Healthy Eating: Stick to the Basics


Many people fall into the traps of profit diets and diet foods to lose weight, however, sticking to the basics of nutrition is the most effective way to lose.

Cole Scanlon, Contributor

“No, I can’t eat that. I’m on a diet.” Sound familiar? Diets aren’t just adopted by many women and fitness-minded men in the pre-summer months because they suddenly want to be and look healthier. “Consumerist America” often fuels people’s mindset, actions, and spending patterns because Americans are conditioned to think bigger and more is often interpreted as better.

The diet industry is a billion-dollar industry filled with get-fit-quick diet schemes and special foods – often claimed to be found deep in the amazon – that drastically reduce one’s body fat. While the claims and results are ridiculously exaggerated, many discerning people lack reason when it comes to eating and, as a result, fall into the traps of profit diets and diet foods. Some of these diets include Nutrisystem, Weight Watchers, and Jenny Craig.

Sticking to the basics of nutrition is the most important, yet most overlooked, aspect of healthy eating. After all, the complicated components like meal timing and frequency make up a very, very small portion of the big picture, which is living a satisfying and sustainable healthy lifestyle. The ultimate goal is not to survive a brutal diet and then regress to prior eating patterns. Habits should be adopted over time, allowing for your body and mind to adjust. Here are some of the simple and reasonable principles that are not only a great place to start, but effective when maintained:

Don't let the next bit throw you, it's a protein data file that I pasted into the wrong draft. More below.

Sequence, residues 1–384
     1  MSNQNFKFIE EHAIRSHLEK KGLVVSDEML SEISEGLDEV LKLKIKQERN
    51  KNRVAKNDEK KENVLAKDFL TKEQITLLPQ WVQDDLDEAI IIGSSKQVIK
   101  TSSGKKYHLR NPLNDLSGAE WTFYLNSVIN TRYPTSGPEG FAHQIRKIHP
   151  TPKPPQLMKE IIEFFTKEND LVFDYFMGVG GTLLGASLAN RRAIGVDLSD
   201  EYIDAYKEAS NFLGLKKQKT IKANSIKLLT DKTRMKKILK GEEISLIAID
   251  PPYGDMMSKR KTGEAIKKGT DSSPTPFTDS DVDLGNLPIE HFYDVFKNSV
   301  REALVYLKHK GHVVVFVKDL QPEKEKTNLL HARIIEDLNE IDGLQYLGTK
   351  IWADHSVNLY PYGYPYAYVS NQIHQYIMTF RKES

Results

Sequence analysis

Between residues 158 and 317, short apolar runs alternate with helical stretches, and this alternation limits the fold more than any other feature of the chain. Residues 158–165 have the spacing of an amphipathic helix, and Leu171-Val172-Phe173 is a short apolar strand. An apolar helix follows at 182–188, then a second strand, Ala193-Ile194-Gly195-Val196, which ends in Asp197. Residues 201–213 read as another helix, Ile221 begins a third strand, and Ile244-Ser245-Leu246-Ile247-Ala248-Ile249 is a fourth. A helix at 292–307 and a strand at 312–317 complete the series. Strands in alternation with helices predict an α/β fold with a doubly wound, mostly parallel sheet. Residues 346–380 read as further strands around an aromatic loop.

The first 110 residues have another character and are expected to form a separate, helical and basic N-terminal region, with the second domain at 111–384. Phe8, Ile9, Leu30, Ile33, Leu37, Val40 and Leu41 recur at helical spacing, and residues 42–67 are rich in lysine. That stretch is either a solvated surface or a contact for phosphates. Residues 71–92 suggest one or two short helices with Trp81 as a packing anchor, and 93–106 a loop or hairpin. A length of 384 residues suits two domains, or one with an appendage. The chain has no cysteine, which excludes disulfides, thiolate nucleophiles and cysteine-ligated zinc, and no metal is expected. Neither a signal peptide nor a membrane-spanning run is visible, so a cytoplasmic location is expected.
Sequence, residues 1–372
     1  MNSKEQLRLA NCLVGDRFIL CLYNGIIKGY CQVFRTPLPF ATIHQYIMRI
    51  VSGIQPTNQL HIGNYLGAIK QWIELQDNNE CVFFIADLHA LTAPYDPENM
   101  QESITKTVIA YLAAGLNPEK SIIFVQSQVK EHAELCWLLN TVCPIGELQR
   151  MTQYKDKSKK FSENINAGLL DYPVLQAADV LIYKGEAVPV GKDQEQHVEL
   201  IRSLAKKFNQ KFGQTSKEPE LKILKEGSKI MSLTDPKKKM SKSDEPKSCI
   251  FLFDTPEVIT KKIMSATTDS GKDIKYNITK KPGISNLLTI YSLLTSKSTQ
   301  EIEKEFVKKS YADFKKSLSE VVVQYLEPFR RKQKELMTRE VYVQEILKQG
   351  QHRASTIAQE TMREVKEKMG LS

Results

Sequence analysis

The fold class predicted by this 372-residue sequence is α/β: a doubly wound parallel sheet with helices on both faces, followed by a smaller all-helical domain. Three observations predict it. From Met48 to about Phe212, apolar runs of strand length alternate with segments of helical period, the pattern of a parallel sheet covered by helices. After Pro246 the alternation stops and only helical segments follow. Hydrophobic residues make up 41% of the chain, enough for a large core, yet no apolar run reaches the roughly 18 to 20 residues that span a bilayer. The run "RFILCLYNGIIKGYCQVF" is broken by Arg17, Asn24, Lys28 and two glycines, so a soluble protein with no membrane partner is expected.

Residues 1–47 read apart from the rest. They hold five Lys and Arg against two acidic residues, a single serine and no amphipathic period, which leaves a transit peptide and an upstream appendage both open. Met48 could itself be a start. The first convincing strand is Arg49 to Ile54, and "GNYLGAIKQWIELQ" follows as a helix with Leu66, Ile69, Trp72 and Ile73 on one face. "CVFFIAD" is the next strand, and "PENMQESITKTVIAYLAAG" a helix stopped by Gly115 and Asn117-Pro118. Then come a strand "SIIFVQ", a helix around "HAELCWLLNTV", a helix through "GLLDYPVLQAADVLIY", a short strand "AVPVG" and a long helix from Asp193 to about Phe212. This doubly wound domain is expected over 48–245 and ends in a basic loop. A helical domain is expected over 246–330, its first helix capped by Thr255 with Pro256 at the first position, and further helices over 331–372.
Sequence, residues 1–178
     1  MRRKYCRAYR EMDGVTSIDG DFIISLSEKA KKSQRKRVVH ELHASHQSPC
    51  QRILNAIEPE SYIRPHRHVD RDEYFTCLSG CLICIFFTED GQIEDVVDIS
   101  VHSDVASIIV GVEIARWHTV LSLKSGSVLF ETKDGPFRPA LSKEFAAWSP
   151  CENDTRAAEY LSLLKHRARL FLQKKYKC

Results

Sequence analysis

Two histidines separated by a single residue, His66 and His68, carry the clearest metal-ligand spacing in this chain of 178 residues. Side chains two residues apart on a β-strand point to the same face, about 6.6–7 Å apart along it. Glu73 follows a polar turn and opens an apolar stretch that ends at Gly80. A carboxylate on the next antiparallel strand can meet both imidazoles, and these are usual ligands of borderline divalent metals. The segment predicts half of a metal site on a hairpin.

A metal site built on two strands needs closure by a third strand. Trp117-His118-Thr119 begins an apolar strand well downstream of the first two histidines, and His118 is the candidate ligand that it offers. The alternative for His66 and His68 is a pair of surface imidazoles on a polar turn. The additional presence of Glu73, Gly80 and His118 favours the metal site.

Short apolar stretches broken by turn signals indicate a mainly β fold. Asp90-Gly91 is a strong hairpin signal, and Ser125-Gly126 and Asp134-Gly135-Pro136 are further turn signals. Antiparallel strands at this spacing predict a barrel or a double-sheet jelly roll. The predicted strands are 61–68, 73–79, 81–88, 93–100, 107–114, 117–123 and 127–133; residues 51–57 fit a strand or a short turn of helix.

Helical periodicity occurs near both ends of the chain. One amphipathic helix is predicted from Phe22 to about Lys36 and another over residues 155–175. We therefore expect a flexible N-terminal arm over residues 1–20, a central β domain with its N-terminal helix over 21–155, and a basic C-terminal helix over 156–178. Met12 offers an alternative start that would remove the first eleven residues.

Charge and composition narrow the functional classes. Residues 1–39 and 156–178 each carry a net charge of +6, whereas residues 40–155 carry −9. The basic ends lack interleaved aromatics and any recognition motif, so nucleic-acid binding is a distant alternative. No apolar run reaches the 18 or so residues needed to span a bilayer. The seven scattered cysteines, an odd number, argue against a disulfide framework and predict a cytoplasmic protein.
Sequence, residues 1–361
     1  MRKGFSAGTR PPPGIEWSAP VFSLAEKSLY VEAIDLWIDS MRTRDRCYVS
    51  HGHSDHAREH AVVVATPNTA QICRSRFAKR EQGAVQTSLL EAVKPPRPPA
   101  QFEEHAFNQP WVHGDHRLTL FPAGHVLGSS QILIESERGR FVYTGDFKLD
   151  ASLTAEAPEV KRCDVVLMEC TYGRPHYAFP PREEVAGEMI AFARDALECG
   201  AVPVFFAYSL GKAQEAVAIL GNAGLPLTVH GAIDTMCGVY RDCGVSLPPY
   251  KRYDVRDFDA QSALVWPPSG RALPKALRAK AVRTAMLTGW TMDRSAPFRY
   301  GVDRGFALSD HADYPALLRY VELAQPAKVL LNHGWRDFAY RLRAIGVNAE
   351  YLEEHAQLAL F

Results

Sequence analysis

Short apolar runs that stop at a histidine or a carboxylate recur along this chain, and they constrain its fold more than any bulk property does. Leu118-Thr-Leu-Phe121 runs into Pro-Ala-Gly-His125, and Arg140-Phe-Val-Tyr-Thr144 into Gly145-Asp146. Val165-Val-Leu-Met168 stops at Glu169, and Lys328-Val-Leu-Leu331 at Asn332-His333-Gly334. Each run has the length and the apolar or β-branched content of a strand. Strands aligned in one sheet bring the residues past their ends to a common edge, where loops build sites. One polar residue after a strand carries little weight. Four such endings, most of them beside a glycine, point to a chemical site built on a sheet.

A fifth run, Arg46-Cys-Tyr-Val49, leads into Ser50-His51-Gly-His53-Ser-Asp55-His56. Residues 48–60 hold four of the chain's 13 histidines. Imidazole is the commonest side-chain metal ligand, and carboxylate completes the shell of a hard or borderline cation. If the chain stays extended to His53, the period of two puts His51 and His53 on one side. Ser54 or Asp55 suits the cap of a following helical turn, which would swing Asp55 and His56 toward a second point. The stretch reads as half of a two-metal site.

1. Many approaches work, but everyone is different so don’t feel hesitant to try out different approaches to find out which one works best for you. Some of the popular “eating routines” include paleo (consists mainly of fish, grass-fed meats, eggs, vegetables, and nuts), low-carb (program that restricts the carbohydrate consumption) and intermittent fasting (pattern of eating that alternates between period of fasting and non-fasting). People can claim only one “routine” is the works best, but the truth is eating is often a subjective thing, therefore, finding one that best works for you will help you stay consistent.

  2. Drink lots of water. Our bodies require water to function properly and, often, thirst can be confused with hunger.

  3. Calories in vs. calories out. If you eat more calories than you burn – including those you burn simply being alive – you will gain weight and, if you eat fewer calories than you burn, you will lose weight. However, there will be some degree of error between your anticipated and actual calories burned/consumed. Calorie counting tools such as the app “myfitnesspal” decrease the margin of error.

  1. Protein makes you feel fuller, longer. Like carbs and fat, protein plays an important role in the body. Protein builds and maintains muscle tissue. One characteristic is its “feel-full” qualities relative to the amount of calories it produces. Some good sources of protein are meat, chicken, eggs, fish, and protein powder.

  1. Fat is important. One misconception is that fat from food translates into body fat. This is not true! Fat is actually a slow burning energy source that is very important to the body since it increases the absorption of nutrients.

While you strive to be healthier, to live healthier, keep balance in mind. Successful lifestyle switches should become habits rather than being sudden and short-lived. Adopt and celebrate small “wins”: running a faster mile time, ordering fish at a restaurant instead of a burger, and having one spoonful of pie instead of two. You can even use incentives such as treating yourself to a pizza slice or a cookie maintain your healthy eating habits for an entire week. The habits will add up and the subsequent lifestyle shift will bring you closer being, and hopefully feeling, vitalized and, well, … healthy.